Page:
The recent increase in the Bank rate hopes to suppress demand by making saving more rewarding and borrowing more costly. We analyse the effect that changes in the Bank Rate have had on the interest charged on loans and offered to savers. The relationship between Bank Rate changes and changes to market rates is stronger for some products compared to others, meaning interest rates could face some trouble in controlling demand.
What does the chart show?
The red line indicates changes to the Bank Rate since January 2000. Use the filter on the right to interact with the chart and superimpose rates for fixed and variable rate mortgages, cash ISA deposits, instant access deposits, overdrafts, personal loans, and credit cards. For each of the categories listed, the chart displays the average rate of interest charged or offered in the month in question. All data has been gathered from the Bank of England. Data for cash ISAs and instant access saving accounts are only available from 2011.
Why is the chart interesting?
Thursday’s rate change came somewhat as a surprise, as the potential economic effects of the omicron variant remain unclear. Nonetheless, the Bank of England believed it had to act now in order to try and control inflationary pressure. The Bank Rate is a key tool for the Bank of England in doing so, and one channel it affects are market rates. It is hoped that raising the Bank Rate will translate into higher rates of interest on loans and savings accounts, encouraging people to save rather than spend, cooling down demand, and subsequently inflationary pressure. Crucial to these efforts is the translation of the increase in the Bank Rate to an increase in market rates. This week’s chart assesses the extent to which this has occurred in recent years.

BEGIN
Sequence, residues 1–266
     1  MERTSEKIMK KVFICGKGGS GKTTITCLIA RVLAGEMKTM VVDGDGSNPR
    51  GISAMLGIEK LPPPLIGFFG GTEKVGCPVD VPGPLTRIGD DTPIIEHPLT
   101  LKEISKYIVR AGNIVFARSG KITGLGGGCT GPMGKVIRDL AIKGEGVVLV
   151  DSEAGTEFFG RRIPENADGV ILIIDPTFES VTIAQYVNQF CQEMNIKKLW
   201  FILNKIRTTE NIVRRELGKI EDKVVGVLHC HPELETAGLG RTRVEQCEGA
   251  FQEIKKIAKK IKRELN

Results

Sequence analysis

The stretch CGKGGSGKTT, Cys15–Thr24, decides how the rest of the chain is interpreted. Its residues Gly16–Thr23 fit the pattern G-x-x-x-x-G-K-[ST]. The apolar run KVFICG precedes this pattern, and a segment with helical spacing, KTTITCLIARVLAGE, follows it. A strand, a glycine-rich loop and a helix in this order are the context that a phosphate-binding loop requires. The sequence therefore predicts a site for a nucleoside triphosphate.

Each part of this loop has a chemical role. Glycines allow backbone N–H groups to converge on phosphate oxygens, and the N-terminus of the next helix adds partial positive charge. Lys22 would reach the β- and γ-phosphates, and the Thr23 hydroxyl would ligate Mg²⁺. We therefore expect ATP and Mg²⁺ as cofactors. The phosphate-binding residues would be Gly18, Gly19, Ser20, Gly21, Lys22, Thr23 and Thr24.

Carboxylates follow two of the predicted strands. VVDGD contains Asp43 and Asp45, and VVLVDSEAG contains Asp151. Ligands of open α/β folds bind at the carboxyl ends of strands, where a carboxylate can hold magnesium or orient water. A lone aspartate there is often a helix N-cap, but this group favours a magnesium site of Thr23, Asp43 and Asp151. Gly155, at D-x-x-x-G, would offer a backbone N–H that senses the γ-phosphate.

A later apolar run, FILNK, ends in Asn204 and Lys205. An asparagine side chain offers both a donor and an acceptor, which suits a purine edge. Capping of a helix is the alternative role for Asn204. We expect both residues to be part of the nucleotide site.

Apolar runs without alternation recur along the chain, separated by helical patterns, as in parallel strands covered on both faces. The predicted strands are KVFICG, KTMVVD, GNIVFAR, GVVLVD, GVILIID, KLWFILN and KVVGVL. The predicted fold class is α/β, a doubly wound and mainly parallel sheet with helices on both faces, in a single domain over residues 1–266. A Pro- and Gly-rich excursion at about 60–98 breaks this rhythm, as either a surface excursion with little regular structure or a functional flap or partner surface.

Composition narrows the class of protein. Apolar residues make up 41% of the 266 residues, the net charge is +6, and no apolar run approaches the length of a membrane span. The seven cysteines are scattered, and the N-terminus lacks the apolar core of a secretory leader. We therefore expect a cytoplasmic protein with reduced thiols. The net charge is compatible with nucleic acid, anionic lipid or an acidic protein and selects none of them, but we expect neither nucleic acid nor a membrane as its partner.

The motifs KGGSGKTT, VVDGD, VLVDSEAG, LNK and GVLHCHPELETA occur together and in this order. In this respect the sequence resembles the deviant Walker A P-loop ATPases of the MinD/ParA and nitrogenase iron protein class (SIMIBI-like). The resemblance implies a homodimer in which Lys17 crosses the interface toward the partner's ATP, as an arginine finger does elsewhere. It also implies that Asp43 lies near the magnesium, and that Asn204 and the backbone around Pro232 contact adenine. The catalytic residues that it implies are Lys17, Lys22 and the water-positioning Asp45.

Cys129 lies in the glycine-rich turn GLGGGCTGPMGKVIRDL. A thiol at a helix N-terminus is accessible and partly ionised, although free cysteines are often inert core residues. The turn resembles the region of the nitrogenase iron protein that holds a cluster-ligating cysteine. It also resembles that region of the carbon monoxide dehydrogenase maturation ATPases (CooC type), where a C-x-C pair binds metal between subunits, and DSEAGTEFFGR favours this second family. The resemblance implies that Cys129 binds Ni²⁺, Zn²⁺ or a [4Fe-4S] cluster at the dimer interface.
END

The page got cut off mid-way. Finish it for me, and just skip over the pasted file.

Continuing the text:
As the chart displays, fixed and variable rate mortgages track the Bank Rate relatively well. Out of all forms of borrowing displayed, they are closest to the Bank Rate, and most correlated with changes in the Bank Rate. Despite this, whilst they tend to have risen proportionally with increases in the Bank Rate, when rates fell drastically, they have had a far steadier decrease.
Largely due to the greater risk involved in lending, the chart shows that representative credit cards, overdrafts, and personal loans charge far higher rates than the Bank Rate or mortgages. What is more interesting, however, is that the average rate of interest charged for these rose between the end of 2008 and 2009, while the Bank Rate tumbled from 4.5% to 0.5%. This disconnect is an important one, as it questions the extent to which the Bank of England can stimulate the economy by reducing the Bank Rate.
Whilst the spike in interest charged on overdrafts seems stark, it isn’t particularly relevant to this analysis. The sharp increase coincided with the FCA announcing reforms to the charging structures of overdrafts.
Savers may be pleased to see that for the data available, interest rates tend to follow changes in the Bank Rate quite well. This is simply a consolation, however, as instant access savings accounts were the only measure in the chart to stay below the Bank Rate for over a year.
The analysis above brings into question the extent to which the increase in the Bank Rate will have an impact on current inflationary pressure. Moving from 0.1% to 0.25% is unlikely to drastically encourage people to save or dissuade people from taking out loans. It is quite clear that 0.25% is not the destination, and we can expect further rises into 2022, meaning market rates will likely follow.
By David Dike